In the early days and weeks of the coronavirus pandemic, many retailers stopped issuing printed weekly ads and cut back on promotions, while some manufacturers stopped issuing coupons. After all, there’s no need for coupons and promotions on a high-demand item like toilet paper, for example, when packages are already flying off the shelves at full price.

By now, though, many of the weekly ads are back, and coupons are becoming more plentiful. But what if some marketers wager that shoppers have gotten used to fewer coupons and promotions, so now could be a perfect time to cut back, or do away with them for good?

One retailer is considering just that.

“Never let a good crisis go to waste,” Ulta Beauty CEO Mary Dillon told an investors conference last week.

Ulta Beauty stores offer salon services, and sell cosmetics, fragrances, and hair and skin care products. And they’re very promotional – it’s usually not difficult to find a dollars-off or percent-off-your-total-purchase coupon or an in-store sale.

But Ulta stores across the country were closed from mid-March to mid-May. So, aside from online offers, there weren’t a whole lot of promotions going on. And Ulta discovered it kind of liked it that way.

With only online shoppers to cater to, and with fulfilling orders more of a challenge than usual, Ulta “had to be less promotional,” Dillon said. Instead, the idea was to “figure out a way to engage with your guests that isn’t about an offer, but about a mindset.”


Now that more Ulta stores are starting to reopen, the retailer is reconsidering whether it wants to return to offering all the promotions, ads and printed coupons that it did in the past.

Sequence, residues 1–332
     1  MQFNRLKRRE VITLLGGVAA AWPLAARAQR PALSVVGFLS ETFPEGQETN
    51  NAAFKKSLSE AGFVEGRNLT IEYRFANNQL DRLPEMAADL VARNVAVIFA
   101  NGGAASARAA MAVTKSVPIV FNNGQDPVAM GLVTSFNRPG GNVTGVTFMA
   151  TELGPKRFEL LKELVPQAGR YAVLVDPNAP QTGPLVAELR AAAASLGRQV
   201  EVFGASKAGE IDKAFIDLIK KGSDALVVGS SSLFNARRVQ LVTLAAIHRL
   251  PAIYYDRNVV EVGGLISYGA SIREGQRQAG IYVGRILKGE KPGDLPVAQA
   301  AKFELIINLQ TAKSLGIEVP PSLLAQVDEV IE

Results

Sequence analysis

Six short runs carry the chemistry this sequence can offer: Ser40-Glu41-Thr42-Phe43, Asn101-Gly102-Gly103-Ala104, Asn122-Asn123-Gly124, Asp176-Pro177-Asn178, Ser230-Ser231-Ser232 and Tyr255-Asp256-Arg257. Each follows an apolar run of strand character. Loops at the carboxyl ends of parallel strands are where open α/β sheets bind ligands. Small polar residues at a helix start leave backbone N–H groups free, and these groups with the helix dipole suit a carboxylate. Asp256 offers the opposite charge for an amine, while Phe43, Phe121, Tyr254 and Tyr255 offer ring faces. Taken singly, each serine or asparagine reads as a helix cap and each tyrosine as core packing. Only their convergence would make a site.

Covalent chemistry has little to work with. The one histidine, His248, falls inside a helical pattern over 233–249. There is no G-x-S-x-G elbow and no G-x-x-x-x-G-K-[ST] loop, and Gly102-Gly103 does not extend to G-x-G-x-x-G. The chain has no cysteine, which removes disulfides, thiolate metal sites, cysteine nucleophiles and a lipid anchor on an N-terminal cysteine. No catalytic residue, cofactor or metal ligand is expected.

“We’ve definitely taken the opportunity to continue to evolve our marketing mix,” Dillon said. “Assets that weren’t relevant during that time, like maybe more print, we’re able to pull back some of that. And do you go back to it? Maybe not, it’s not the most efficient thing that we do.”

Her comments came a couple of weeks after Ulta President Dave Kimbell described the retailer’s “strategy pre-COVID” as being “a multiyear journey to try to reduce broad-based promotions and be more strategic and focused,” by concentrating more on its loyalty program and offering more personalized, relevant deals. “We’re not anticipating leading a massive increase in promotional activity” once stores reopen, he said.

Even big annual sales events from years past may get something of a makeover. “We talked about rethinking the cadence of some of our major events and the promotional elements that go with some of those things,” Chief Financial Officer Scott Settersten said.

In some cases, that might be just as well, after last November’s “first ever Ulta Beautyfest” didn’t seem to go quite as planned. A series of misunderstandings led many Ulta fans to believe the weekend-long event was going to be more exciting than it actually turned out to be. Stores opened an hour early, but shoppers complained that they had to wait in long lines outside closed stores. Once they finally got inside, many shoppers said they were expecting free treats and samples, but only got a $5 coupon.

“A coupon does not make a Beautyfest,” one online commenter sneered.

“While most of our guests were thrilled, we realize that some were not and we apologize to those who thought we missed the mark,” Ulta said in a statement after the event ended. “We’ve listened to our guest feedback and learned from what they have shared with us.”

No one back then could have anticipated the public health crisis and the retail disruption that we find ourselves in now. So looking back, as Ulta looks ahead, Ulta shoppers who wanted something other than having a paper coupon handed to them – just might get their wish.

Image source: Ulta Beauty

Leave a Reply

Your email address will not be published. Required fields are marked *


Privacy Policy
Disclosure Policy